E-commerce Link: Personalized Content Primer: How to Make the Most of the Dynamic Web
There is an increasing amount of buzz circulating about Web personalization these days. Many organizations embarking on significant site redesigns are considering it. But what is personalization exactly? How does it work? Does it make sense for all organizations?
For years, user experience specialists have advocated the practice of designing online experiences with both a company's goals and a user's needs in mind. Though well-intentioned, this approach generally grouped site visitors together, assuming they had similar needs, exhibited the same behaviors and were looking for the same information. Because users are a mix of people with different characteristics and different goals, a personalized site can allow for pitch perfect and relevant dialog with users as individuals, rather than as a static group.
At its core, a personalized Web experience is one where site content (headlines, imagery, calls to action, featured products, etc.) is displayed based on the characteristics of who an individual is believed to be. By surfacing content that is purposefully targeted, organizations can deliver a dynamic sales pitch, cut through irrelevant noise and chatter, improve online user experiences, and ultimately see a lift in conversions.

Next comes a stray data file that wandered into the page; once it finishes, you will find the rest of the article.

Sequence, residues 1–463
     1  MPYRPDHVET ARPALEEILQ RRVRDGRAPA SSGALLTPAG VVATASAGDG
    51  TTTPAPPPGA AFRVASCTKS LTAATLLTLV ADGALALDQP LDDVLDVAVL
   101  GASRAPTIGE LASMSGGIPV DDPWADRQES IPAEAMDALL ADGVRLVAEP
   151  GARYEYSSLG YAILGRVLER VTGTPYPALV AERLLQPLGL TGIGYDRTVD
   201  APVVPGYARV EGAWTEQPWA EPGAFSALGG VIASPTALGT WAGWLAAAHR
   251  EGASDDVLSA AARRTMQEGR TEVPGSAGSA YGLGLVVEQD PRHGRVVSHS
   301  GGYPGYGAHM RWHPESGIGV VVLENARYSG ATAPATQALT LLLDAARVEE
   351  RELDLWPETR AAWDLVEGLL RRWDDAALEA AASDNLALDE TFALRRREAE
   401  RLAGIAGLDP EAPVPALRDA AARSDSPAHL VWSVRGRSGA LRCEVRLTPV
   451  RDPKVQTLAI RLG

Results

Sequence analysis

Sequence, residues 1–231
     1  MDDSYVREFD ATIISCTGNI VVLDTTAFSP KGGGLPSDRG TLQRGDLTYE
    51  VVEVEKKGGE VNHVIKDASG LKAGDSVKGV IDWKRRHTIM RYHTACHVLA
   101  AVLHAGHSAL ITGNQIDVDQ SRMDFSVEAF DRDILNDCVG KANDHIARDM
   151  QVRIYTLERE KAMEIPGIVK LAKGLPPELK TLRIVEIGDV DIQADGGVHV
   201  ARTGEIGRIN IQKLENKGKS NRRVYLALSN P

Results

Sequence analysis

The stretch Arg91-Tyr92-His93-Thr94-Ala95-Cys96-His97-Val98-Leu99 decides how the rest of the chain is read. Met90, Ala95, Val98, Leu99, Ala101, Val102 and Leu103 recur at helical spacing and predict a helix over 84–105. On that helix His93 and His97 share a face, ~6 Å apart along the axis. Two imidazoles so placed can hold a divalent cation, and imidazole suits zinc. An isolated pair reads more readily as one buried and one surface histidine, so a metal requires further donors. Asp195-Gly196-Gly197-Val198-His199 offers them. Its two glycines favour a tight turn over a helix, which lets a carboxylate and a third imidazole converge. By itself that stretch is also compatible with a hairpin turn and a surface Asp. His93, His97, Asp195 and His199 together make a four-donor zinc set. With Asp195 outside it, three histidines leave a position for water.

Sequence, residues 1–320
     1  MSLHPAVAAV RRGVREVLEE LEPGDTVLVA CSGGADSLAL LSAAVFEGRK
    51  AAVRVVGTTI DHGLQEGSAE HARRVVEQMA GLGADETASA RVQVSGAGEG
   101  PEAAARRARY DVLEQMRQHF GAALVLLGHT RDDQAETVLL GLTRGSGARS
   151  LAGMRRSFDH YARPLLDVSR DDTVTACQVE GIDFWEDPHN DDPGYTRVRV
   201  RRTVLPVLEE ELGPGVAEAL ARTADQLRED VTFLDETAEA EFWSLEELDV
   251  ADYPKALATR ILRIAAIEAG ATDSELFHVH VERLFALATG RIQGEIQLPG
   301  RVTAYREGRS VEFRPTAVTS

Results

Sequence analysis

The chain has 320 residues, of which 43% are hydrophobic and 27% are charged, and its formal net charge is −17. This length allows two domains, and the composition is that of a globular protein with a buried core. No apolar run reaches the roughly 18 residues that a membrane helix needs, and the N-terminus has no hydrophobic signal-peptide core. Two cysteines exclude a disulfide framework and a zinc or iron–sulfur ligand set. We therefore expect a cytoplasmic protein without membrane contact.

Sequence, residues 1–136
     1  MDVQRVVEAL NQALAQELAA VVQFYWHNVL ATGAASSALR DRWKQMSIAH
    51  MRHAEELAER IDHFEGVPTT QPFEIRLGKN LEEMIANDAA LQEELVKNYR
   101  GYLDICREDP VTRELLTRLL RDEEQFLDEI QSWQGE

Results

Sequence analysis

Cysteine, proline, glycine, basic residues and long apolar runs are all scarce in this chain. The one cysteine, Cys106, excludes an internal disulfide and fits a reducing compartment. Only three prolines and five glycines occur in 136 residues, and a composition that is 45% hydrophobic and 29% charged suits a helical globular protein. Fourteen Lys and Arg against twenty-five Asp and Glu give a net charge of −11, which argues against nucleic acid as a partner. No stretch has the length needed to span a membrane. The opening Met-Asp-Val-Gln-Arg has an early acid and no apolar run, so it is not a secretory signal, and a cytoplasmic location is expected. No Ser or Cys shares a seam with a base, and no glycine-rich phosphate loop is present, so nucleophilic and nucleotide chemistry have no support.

If your organization targets more than one key audience segment, or your website exists to drive a specific behavior (for example sharing, registration or purchase), personalization may be a compelling strategy.
Designing a personalized Web experience requires a similar project cadence to more traditional Web development engagements. Phases include some variation of discovery, planning, design rollout, development and optimization. It is a change in specific design tasks and technologies inside this larger project framework that allows for the successful implementation of a personalized experience.
The first evident shift from the norm is the absolute necessity of the hotly contested persona document. In traditional projects, if personas are developed, they're created for each key user group. These personas are designed to give project stakeholders an understanding of users' motivations and objectives. The deliverable is sometimes criticized as a less than scientific exercise in creative writing.